Found an old drawing on CMOS single stage from many years ago.
Just some basic understandings on analog filters which is inspired by ‘The Guru’ in our company. To clarify my thoughts, I will write in the format of Q&A. There are four questions to answer:
Q1) What do we dream for a low-pass (LP) filter?
An ideal one, which has a brick-wall response. We only receive what we intend to receive, pure and loss-free. But, in reality…
Q2) Why complex poles are required?
Complex poles help to lift up the magnitude around the cut-off frequency by contributing larger pole quality factor (Q).
If we only have real poles, though higher-order gives better roll-off, the loss of magnitude around cut-off frequency becomes bigger.
Now we move to a system which has complex poles. Taking the 5th-order Butterworth filter as an example, which has a real pole and two pairs of complex poles, the complex poles with a Q of 1.618 help to compensate the loss of magnitude around cut-off frequency. It tries to approximate the brick-wall response.
Q3) How to generate complex poles without inductor?
The answer is Feedback! R and C only generate real poles. When feedback is applied around a system containing real roots, the closed-loop transfer function may contain complex roots.
Let’s think of this example: an amplifier with two poles. Its transfer function can be written as:
The poles are generated by Rs and Cs in the amplifier and they are real. Now assume a negative feedback of beta is placed around the amplifier. The closed-loop transfer function becomes:
We can then calculate the two poles of the closed-loop transfer function:
By increasing , complex poles can be achieved!
Q4) Any real-life example?
Of course. Fig.4 shows the Two-Thomas biquad. Without the feedback resistor R2, the open-loop transfer function has two real poles: one pole generated by R3 and C1 and the other pole at origin. With a feedback resistor applied, the two poles will move towards each other, arrive at the same position, and then leave the real axis, becoming complex poles.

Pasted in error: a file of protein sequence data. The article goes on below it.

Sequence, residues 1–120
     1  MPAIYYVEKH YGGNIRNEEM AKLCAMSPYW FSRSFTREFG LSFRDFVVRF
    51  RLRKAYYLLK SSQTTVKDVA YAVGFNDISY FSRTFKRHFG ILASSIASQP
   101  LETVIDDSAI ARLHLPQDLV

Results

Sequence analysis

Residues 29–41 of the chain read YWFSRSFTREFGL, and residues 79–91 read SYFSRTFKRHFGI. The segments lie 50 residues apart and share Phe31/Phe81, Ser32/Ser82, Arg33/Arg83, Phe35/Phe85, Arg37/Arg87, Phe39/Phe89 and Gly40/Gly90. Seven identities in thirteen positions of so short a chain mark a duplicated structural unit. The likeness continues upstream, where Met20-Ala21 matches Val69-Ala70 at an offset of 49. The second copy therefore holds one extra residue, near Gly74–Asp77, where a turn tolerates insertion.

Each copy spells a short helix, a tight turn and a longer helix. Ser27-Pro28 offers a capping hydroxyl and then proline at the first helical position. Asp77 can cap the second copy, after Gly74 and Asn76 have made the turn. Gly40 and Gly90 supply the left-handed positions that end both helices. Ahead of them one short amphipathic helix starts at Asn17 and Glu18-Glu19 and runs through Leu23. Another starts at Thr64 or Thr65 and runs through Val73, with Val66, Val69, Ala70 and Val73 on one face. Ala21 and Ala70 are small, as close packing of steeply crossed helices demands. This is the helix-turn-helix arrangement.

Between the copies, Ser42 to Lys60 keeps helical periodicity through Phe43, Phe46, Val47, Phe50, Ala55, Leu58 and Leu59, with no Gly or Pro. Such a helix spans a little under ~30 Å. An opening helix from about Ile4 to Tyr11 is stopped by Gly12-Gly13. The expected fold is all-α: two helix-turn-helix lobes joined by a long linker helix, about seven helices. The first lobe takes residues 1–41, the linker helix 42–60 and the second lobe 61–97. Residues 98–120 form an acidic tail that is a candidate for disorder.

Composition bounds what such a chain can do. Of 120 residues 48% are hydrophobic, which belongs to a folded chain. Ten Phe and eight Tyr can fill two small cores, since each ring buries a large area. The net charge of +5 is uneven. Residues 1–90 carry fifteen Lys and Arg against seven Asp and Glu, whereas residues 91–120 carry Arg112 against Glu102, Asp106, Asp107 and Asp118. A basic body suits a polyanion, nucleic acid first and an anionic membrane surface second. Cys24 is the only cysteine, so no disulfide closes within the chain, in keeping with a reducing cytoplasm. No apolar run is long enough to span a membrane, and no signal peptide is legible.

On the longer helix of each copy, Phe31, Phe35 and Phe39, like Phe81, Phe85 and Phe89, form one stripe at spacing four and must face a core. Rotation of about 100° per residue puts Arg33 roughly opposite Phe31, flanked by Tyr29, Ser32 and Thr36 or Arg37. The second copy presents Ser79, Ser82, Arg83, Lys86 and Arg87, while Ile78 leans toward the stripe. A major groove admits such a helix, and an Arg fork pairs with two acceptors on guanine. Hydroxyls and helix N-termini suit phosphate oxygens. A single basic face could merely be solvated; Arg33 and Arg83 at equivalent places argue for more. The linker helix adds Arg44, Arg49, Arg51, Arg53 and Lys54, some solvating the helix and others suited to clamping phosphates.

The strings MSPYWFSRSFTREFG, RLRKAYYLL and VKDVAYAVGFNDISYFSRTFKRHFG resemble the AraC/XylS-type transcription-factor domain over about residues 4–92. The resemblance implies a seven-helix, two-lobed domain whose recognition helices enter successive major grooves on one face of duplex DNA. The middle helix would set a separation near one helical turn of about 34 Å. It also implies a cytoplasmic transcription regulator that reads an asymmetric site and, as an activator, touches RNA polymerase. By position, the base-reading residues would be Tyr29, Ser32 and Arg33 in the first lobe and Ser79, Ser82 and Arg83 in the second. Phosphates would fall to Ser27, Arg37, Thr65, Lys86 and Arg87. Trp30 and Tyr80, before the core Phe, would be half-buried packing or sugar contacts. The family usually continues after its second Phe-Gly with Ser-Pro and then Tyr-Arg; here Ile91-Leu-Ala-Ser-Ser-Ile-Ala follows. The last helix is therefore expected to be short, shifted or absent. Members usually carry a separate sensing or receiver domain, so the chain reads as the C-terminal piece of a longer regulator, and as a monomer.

Recently I have the opportunity to touch some RF design. WoW, some simple metal lines need a fancy tool to get them modeled! WoW, both Windows and Unix tools are involved to simulate the EVM!
It seems that Cadence Spectre just can’t do it on its own any more. Really? I start to ask myself which simulator or which way of simulation is more efficient for my design. Then I found this paper published in 2014, titled “Overview of Commercially-Available Analog/RF Simulation Engines and Design Environment”. Yep, it’s helpful (at least to a RF newbie). It reviews four main analog/RF simulators on the market:
Cadence Spectre, an evolved engine from SPICE, is good at transient analysis. However, the transient analysis may become expensive when it deals with RF signals, the signals normally containing a periodic high-frequency carrier and a low-frequency modulation signal. The carrier forces a small time step while the signal forces a long simulation interval. To speed up the RF simulation, harmonic balance (HB) comes in, which works on frequency domain. Though ADS provides a best-in-class HB simulator for RF design, its layout suite is inferior to Cadence Virtuoso environment. Hence the Spectre simulator is still widely used as the standard sign-off simulator. Recently, to leverage ADS for RF simulation and Cadence for schematic capture and layout, GoldenGate is highly integrated into the Cadence design flow as an efficient hybrid method.
It is obvious that which simulator to choose depends pretty much on the signal nature. In general, for circuits with a few frequency components, like LNA and mixer, the frequency-domain technique is more efficient, while time-domain technique is more efficient for circuits with abrupt edges, like ADC/DAC or control logics. Many interesting details are described in the paper. Fig.1 provides a short summary.
Fig.1 A short performance summary 
Note that MTS is the acronym of multi-technology simulations. We typically design circuits within a single design kit. However, for some RF products, they may be composed of different modules from different processes. According to the paper, Cadence’s ADE GXL can do MTS simulations.